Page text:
Revista chilena de infectología
versión impresa ISSN 0716-1018
APT B, Werner et al. Guidelines for the Chagas disease: Part V. Laboratory diagnosis of Chagas disease. Rev. chil. infectol. [online]. 2008, vol.25, n.5, pp. 378-383. ISSN 0716-1018. http://dx.doi.org/10.4067/S0716-10182008000500012.
In this fifth part of Guidelines for Chagas disease, diagnostic techniques for Trypanosoma cruzi infection in humans are reviewed, the interpretation of laboratory results and an algorithm for laboratory diagnosis in immunocompetent hosts are presented. Chagas disease may be diagnosed by three kinds of techniques: direct, which allow detect the presence of the parasite in different kind of samples; indirect, based on the search of immune specific response against T. cruzi antigens and molecular, which detect parasite genetic material. Direct techniques are utilized mamly in acute phase of disease, as the parasite is present in blood of infected host. These techniques do not require be confirmed by other methods. For chronic undetermined phase and for symptomatic phase it is recommended to use indirect techniques; generally, immunoassay techniques (ELISA) that detect IgG antibodies directed against T. cruzi antigens are performed. As false positive results are possible, a positive or undetermined result must be confirmed by at least another technique (indirect immunofluorescence or indirect hemmaglutination). In Chile, confirmation of infection is performed by the Instituto de Salud Pública National Reference Laboratory or at surrogate centers. Molecular methods may be used to make the diagnosis in acute or chronic phase of infection, with more accuracy in the acute phase, and it is mainly recommended to diagnose vertical transmission of T. cruzi as early diagnosis of congenital infection increases the possibility to cure the sibling and besides it is a good marker to evalúate the effectiveness of treatment.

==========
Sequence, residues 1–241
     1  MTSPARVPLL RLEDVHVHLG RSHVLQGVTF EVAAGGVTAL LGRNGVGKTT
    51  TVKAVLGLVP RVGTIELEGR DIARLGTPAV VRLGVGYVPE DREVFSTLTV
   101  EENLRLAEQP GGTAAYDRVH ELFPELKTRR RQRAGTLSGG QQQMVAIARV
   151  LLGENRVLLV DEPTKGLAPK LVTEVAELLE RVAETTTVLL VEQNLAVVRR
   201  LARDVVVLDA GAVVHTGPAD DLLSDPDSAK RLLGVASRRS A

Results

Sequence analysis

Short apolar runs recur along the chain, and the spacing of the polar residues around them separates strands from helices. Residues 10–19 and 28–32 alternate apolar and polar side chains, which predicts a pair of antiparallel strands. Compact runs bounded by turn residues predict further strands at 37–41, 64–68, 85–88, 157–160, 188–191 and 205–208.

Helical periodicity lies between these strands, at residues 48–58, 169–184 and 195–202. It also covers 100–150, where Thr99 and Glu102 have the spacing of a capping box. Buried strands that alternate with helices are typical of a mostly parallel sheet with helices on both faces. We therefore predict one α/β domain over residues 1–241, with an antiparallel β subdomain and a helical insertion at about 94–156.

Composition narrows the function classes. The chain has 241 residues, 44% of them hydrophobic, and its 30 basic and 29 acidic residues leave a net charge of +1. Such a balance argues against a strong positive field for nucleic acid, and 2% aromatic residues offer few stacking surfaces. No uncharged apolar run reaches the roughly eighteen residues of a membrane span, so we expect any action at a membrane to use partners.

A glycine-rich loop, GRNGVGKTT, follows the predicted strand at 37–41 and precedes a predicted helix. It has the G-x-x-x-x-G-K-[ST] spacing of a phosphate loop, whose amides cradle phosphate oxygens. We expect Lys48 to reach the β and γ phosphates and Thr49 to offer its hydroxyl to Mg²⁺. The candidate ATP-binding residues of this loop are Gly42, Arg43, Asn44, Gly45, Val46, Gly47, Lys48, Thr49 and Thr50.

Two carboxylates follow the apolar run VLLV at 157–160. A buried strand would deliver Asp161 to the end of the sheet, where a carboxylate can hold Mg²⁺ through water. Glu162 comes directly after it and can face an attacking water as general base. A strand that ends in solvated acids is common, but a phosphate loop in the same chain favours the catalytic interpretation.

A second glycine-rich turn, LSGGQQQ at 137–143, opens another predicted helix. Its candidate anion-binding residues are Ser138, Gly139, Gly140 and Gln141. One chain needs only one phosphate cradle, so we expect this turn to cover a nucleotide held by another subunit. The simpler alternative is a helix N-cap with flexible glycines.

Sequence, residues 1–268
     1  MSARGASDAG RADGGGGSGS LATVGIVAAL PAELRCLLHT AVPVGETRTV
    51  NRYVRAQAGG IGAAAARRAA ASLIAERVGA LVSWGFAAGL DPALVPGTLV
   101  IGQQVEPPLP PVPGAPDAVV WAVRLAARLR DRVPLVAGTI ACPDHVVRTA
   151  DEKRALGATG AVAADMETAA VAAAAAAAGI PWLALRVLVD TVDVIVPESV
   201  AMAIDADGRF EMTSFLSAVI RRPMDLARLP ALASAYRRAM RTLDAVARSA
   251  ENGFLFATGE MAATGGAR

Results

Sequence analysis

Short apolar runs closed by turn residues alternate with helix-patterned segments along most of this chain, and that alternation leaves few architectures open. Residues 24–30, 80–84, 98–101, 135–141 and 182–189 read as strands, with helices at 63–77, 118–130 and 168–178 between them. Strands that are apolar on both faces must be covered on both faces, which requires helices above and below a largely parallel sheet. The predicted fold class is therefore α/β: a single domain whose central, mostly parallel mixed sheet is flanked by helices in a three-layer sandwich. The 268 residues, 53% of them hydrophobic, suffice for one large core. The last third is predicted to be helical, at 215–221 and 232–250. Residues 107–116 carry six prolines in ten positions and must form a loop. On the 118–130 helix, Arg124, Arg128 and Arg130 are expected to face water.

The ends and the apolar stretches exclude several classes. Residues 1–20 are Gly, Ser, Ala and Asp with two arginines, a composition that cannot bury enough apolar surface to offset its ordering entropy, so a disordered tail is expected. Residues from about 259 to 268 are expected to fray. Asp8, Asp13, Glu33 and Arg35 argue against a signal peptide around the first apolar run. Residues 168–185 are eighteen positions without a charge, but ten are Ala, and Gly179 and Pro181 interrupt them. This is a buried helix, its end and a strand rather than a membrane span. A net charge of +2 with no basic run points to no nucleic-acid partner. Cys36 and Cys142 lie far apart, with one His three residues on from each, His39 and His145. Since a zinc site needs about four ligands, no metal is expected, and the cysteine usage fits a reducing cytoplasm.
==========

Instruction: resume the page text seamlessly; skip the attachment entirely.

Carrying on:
Palabras llave : Chagas disease; American Trypanosomiasis; diagnosis; laboratory techniques.